Fast forward 40 years to the alley behind my childhood home in the dead of winter. My brothers, male cousins, and a handful of boys from the neighborhood and I stood around in the dead of winter for want of something to do after being kicked out of our respective homes by our stir-crazy, cabin-fevered parents. We lived in what many called “The Catholic Ghetto” because we were all very Catholic and we were all very poor. There were few toys inside and damn sure none outside unless you looked real hard and expanded your definition of “toy.” Lo and behold, one of the boys found a cat that had been run over by a trash truck. It was deader than a doornail and twice as frozen. Initially it was a sad sight, but in the hands of the boys it became a projectile. They flung it forward into the air and at the same time it came down for its first bounce, one of its legs broke away and flew off into the opposite direction. We were stunned and horrified – until we busted into convulsions of laughter. Naturally, the boys had to see what other appendage might flee the hapless corpse while I, the only girl, recoiled behind my socked and plastic-bagged hands.
I incorrectly stated only two stories fed my youngest child’s belief of my brother’s story. To be sure, all good anecdotes start with a kernel of truth, and the best yarns are no exception. For years the family gathered at Grandma and Grandpa’s for the major holidays. At Easter, eggs were colored and marked with denominations which were then exchanged for coins collected among the big people. The 50-center was the prized golden egg. As if the finding of it was due to something other than plain old luck, those who found it still remember doing so and hold it over the rest of us to this day.
My youngest sat two chairs away as her uncle Gary began to tell of a co-worker who’d asked him way back in March if he’d taken his kids out for an Easter egg hunt. My brother replied, “No dude, my kids are teenagers. Besides, I haven’t liked Easter much since I was a child. Every year we went to Grandma and Grandpa’s, and every year one of my drunk uncles would be sittin’ in the garage spray-paintin’ bunnies different colors and throwin’ ’em out into the yard. He gave all us kids a .22 and whoever shot the golden bunny, well, that’s what we ate for dinner and I’ll be damned if I ever eat rabbit again as long as I live.”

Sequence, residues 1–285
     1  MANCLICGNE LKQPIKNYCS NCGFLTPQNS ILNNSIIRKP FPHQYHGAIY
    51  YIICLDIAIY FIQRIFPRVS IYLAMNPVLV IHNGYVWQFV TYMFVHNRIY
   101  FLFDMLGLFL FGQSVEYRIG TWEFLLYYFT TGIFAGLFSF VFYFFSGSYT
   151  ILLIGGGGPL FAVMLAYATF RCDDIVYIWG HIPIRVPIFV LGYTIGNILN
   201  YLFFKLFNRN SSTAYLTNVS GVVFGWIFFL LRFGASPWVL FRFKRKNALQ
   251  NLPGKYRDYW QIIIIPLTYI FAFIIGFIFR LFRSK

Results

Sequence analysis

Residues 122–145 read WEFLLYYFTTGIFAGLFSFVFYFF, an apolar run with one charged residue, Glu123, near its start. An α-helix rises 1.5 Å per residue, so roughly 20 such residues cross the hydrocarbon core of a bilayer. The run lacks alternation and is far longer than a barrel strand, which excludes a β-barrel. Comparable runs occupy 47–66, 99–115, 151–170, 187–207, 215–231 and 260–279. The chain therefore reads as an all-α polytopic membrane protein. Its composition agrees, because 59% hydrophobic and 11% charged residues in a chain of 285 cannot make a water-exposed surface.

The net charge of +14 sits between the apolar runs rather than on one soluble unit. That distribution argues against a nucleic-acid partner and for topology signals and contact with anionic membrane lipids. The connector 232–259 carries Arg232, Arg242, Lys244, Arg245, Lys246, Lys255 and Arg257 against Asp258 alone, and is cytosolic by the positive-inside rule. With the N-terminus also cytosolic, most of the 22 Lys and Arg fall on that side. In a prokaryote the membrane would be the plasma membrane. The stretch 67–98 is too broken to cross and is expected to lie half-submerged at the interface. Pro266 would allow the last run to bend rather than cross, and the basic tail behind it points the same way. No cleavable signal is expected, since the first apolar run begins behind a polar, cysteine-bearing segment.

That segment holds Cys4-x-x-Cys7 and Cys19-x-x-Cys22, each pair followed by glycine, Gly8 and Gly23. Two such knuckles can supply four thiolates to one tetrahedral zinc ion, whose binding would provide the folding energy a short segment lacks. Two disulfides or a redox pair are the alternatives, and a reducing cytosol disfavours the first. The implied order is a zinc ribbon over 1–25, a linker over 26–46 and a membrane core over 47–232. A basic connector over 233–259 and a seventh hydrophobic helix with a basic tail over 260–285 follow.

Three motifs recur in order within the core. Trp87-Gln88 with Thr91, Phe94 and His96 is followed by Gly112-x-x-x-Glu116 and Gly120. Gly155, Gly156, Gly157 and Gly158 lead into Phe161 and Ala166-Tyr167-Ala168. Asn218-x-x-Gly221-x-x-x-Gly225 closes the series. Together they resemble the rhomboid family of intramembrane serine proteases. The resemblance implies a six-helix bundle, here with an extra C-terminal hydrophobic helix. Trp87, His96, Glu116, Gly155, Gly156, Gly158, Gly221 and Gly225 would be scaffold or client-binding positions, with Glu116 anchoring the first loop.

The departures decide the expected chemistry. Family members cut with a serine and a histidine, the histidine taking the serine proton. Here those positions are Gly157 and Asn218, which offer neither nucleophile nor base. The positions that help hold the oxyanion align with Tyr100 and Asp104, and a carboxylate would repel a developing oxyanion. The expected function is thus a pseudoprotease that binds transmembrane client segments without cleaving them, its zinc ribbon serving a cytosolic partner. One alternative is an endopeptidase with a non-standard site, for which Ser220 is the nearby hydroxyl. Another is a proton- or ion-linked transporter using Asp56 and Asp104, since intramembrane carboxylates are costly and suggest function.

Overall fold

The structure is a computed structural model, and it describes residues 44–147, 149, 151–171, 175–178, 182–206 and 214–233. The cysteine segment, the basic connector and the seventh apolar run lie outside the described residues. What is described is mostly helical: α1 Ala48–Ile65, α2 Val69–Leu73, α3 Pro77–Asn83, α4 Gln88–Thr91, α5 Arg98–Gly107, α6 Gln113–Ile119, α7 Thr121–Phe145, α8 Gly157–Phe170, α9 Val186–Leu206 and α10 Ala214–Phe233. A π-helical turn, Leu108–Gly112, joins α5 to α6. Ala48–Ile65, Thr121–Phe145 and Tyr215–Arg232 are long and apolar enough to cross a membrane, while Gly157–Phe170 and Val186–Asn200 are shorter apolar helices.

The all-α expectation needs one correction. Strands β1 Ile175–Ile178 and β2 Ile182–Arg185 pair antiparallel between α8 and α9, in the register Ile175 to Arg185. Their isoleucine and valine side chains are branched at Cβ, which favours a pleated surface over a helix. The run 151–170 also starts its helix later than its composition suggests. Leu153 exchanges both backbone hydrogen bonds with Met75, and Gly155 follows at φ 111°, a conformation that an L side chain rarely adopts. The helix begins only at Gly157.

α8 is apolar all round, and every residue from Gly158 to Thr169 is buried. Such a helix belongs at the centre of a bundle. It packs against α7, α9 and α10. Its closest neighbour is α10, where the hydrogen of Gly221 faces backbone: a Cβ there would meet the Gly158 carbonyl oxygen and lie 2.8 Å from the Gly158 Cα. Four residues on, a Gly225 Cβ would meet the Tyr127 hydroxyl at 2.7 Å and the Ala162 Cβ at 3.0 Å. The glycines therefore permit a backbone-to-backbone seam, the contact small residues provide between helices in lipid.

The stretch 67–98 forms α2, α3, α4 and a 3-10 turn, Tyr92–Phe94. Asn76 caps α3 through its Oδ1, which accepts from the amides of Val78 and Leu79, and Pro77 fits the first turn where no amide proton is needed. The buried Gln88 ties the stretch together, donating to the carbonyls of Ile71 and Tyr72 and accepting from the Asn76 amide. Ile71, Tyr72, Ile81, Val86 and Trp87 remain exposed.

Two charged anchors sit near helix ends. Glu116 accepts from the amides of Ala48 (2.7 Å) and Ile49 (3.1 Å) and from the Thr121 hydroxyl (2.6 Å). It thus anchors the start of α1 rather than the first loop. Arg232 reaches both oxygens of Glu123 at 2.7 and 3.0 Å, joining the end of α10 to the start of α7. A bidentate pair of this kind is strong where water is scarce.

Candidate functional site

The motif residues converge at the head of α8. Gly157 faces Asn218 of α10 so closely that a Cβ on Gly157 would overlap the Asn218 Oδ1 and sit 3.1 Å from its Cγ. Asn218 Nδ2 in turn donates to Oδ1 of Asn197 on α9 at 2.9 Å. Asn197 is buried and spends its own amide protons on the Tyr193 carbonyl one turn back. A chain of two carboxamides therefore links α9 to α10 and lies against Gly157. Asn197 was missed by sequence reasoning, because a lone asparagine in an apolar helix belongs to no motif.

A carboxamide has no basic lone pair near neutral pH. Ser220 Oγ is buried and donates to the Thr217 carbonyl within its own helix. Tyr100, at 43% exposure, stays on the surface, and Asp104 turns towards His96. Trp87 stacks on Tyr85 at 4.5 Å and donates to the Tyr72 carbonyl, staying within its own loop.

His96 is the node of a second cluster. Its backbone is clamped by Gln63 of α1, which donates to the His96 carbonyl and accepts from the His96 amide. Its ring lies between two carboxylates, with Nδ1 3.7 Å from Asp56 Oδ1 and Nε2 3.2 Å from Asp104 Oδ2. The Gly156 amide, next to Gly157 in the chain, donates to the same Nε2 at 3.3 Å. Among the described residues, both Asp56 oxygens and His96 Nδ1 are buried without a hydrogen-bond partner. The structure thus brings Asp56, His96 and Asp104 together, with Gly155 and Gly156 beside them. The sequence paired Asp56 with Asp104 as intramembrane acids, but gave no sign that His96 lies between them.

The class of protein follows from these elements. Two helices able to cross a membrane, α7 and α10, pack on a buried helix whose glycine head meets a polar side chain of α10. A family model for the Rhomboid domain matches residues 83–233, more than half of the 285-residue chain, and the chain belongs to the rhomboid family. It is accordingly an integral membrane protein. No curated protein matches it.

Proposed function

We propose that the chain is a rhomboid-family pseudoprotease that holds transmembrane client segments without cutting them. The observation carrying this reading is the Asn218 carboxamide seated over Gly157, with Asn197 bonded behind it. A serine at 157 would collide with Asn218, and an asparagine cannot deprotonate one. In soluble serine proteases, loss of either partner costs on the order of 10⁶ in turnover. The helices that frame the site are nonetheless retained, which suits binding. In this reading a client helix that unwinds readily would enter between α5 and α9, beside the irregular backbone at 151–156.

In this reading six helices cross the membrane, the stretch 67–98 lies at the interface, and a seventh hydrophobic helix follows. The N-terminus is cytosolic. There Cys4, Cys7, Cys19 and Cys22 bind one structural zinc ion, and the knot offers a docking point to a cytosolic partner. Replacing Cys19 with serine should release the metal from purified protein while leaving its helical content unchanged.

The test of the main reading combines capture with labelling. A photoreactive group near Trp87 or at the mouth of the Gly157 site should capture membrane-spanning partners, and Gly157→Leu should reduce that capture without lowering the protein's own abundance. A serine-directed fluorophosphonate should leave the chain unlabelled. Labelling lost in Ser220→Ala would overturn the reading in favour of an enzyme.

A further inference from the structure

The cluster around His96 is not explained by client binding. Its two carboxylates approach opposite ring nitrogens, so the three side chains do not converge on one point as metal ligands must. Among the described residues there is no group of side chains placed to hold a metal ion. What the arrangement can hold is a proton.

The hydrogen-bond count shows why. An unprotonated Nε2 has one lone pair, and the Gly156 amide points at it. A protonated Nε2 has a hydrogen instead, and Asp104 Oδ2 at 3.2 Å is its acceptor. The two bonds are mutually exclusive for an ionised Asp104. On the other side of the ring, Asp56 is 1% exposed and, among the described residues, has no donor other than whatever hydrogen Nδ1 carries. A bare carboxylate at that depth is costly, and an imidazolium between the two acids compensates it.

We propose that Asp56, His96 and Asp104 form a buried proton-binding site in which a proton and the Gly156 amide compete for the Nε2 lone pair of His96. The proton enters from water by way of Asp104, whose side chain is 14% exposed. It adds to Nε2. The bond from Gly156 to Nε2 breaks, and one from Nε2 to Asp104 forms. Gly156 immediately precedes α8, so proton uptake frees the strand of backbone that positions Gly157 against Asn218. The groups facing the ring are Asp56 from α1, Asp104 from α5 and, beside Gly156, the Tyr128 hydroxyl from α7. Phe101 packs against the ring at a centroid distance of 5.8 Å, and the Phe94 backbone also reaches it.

I’d never before felt compelled to halt the effect of any story my family tells, but the look on my daughter’s face, while a great delight for all other family members, was also in danger of staying that way. I gently nudged her from her stupor and whispered, “It’s not true.” Old enough to come to her own defense as everyone else guffawed at her reaction, she sounded off, “Why wouldn’t I believe it? Have you heard any of the other stories that are true?” Indeed, it took my brother’s co-worker several days to come back and ask if his leg had been pulled.
My kids were raised around the world in the Marine Corps and weren’t privy to the storyteller-laden childhood I had growing up. They had me, though, and for a long time they weren’t sure what to believe of the stories I’d told. They were young teenagers the first time they took a seat at the great family table. My son summed it up best when he told his grandfather just a few weeks ago, “Until I was around all of you enough to hear the stories you tell over and over, I thought my mother was the biggest liar on the planet.”